In these theories, rational behaviour on the part of consumer is interpreted as the attempt on his part to maximise utility or satisfaction. But this utility-maximising postulate has been objected to on the ground that it is very severe and is therefore difficult of realisation in actual practice. Samuelson has given up utility maxmisation assumption and has instead employed consistency postulate to derive the demand theorem. Now, his assumption of consistency of choice in the consumer’s behavior is much less severe and conforms more to the real world behavior of the consumers.

Samuelson has likewise abandoned the assumption of continuity. The indifference curve theory involved the assumption of continuity. Indifference curves are continuous curves in which lie all conceivable combinations, whether they are actually available in the market or not. It may happen under indifference curve analysis that the budget line comes to be tangent to an indifference curve on the point which represents a combination which is not actually available.

Thus, continuity assumption is quite unrealistic. The real economic world exhibits discontinuity. Now, the continuity assumption is not involved in the revealed preference theory. Of course, in the graphic explanation of the revealed preference theory a continuous price income line, that is, a budget line is drawn within or on which the consumer has to choose any combination. But since the theory is based upon the actual observed choice of the consumer, and the consumer will choose a combination among all those actually available in the given price-income situation the continuity is not involved in the revealed preference theory.

The concept of reveal preference is a powerful tool which can provide significant information about consumer’s preferences from which we can derive law of demand or downward-sloping demand curve. Revealed preference theory does this without assuming that a consumer possesses complete information about his preferences and indifferences. In indifference curve analysis it is supposed that consumers have complete and consistent scale of preferences reflected in a set of indifference curves. His purchases of goods are in accordance with his scale of preferences.

It is as if consumers were carrying complete indifference maps in their mind and purchasing goods accordingly. Therefore, it was considered better to derive demand theorem by observing consumer’s behaviour in making actual choices. Most economists now-a-days believe that it is unrealistic to assume that a consumers have complete knowledge of their scale of preferences depicted in a set of indifference curves. The merit of revealed preference theory is that it has made possible to derive law of demand (i.e. downward-sloping demand curve) on the basis of revealed preference without using indifference curves and associated restrictive assumptions.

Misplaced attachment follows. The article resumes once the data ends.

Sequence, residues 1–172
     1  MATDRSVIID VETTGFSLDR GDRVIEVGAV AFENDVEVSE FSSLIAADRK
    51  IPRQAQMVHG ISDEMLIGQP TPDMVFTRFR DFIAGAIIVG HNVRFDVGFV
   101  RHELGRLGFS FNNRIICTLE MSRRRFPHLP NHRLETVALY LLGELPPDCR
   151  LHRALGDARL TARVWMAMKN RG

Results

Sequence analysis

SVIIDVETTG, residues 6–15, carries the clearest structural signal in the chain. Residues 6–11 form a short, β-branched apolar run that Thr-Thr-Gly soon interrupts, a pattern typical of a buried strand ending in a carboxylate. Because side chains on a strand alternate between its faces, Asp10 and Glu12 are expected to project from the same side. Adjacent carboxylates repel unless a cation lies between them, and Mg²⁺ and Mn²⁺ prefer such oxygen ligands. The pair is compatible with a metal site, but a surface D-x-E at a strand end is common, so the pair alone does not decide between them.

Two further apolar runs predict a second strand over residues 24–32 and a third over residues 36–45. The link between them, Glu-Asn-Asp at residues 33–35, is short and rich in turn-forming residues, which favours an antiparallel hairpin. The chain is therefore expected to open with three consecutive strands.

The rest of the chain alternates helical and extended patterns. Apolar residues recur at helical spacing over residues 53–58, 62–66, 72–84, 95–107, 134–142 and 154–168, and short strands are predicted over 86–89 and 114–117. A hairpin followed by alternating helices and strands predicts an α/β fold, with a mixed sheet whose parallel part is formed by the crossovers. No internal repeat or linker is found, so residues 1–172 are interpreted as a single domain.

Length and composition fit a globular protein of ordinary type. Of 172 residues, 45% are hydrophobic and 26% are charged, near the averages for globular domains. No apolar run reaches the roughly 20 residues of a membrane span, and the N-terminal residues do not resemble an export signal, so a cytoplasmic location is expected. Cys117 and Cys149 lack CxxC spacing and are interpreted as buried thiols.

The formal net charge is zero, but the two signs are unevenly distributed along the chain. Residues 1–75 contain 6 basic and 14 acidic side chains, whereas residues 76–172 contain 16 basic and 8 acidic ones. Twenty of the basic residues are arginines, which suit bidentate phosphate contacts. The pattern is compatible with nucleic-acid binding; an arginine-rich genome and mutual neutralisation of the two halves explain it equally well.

Further, it has enabled us to divide the price effect into its two component parts, namely, substitution and income effects through cost difference method and axiom of revealed preference. Cost difference method requires only market data regarding changes in price and quantities purchased of goods in different market situations. Cost difference (∆C) can be simply measured by change in price (∆P) multiplied by the quantity initially purchased by him. Thus,

∆C = ∆Px QX

Where AC stands for the cost difference, ∆Px stands for the change in price of good X, Qx is the quantity purchased by the consumer before the change in price of the good X. Further, with revealed preference theory we can even establish the existence of indifference curves and their important property of convexity. However, it is noteworthy that indifference curves are not required for deriving law of demand or downward-sloping demand curve. Indifference curve analysis requires less information than Marshall’s cardinal utility theory.

But it still requires a lot of information on the part of a consumer since indifference curve analysis requires him to be able to rank consistently all possible combinations of goods. On the other hand, in Samuelson’s revealed preference theory of demand the consumer does not require to rank his preferences on the basis of his introspection.


It is based on the preferences revealed by his purchases or choices in the different market situations and on the axiom of revealed preference. If consumer’s preferences and tastes do not change, revealed preference theory enables us to derive demand theorem just from observation of his market behaviour, that is, what purchases or choices he makes in different market situations.